Ending Discrimination

October 7 is the World Day for Decent Work

October 5, 2017

October 7, 2017 will mark the 10th anniversary of the World Day for Decent Work, a day when unions around the world unite in action for decent work.

What is “decent work”?

  • Access for all workers to quality jobs, dignity, equality, and safe working conditions.
  • Putting workers at the centre of development and giving them a voice in what they do.

This year’s global focus is on struggles to win living minimum wages and a pay raise for all workers.

The Canadian Labour Congress has outlined steps Canada needs to take in a letter to Prime Minister Trudeau, outlining several steps the federal government can take to ensure better access to decent work at home and abroad.

“We need federal leadership on decent work, not just so that we improve work for Canadians, but so we can set an example for other countries too,” said CLC President Hassan Yussuff.

What our federal government can do

  • Ensure the creation of high-quality jobs needed by millions of unemployed, underemployed, and precariously-employed workers in Canada.
  • Promote and uphold collective bargaining rights at home and abroad.
  • Restore the federal minimum wage to $15 per hour, indexing it to wage growth, and bring back full employment as a primary policy target.
  • Create public employment programs for regions and populations with high unemployment or a high concentration of low-wage workers. That should include job creation programs for youth, Indigenous and Northern communities, newcomers to Canada, Alberta and the Atlantic provinces;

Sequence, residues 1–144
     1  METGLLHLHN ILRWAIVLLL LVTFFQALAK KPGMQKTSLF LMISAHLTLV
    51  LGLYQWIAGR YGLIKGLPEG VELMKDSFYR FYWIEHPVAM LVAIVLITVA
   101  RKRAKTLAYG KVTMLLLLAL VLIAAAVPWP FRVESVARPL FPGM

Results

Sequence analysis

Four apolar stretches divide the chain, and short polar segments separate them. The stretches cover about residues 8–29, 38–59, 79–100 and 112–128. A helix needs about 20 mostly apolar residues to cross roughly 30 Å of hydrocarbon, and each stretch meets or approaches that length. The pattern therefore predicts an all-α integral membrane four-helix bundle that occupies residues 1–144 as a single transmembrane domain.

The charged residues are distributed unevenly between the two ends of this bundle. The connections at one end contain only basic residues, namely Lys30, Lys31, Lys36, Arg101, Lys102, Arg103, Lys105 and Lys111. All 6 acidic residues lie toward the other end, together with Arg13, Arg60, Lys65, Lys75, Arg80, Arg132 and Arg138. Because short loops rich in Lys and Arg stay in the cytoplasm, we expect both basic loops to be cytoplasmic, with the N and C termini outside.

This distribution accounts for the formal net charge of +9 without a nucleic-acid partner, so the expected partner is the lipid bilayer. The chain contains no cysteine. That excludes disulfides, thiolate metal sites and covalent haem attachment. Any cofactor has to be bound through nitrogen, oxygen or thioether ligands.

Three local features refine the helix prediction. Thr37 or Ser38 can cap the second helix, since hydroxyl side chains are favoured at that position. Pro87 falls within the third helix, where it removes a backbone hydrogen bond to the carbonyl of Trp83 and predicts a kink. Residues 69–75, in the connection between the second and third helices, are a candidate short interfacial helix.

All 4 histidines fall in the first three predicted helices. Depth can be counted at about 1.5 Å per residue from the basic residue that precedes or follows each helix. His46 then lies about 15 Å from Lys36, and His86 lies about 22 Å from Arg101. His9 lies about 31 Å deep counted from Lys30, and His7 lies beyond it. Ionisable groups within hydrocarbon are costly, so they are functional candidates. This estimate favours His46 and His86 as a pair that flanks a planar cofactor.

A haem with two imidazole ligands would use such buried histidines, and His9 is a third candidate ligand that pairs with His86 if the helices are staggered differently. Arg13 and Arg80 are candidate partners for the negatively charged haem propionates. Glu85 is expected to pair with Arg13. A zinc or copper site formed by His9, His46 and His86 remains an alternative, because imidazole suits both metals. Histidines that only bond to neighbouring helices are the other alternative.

• Use all available tools to eliminate discrimination in hiring, promotion, and pay, including strengthening the Employment Equity Act and the Federal Contractors Program;
  • End the systematic violation of migrant workers’ rights by abolishing tied work permits and implementing a proactive compliance assessment and enforcement regime;
  • Promote fairness by tightening regulations on hours of work and scheduling;
  • Increase staffing, training and resources for federal employment standards and health and safety inspectors; and

Canada’s unions are also asking the federal government to promote decent work in global supply chains and the extractive sectors by:

  • Appointing a human rights ombudsperson to investigate how Canadian companies’ foreign operations impact human rights;
  • Introducing national due diligence legislation with a monitoring mechanism and an enforcement procedure for large companies.

 

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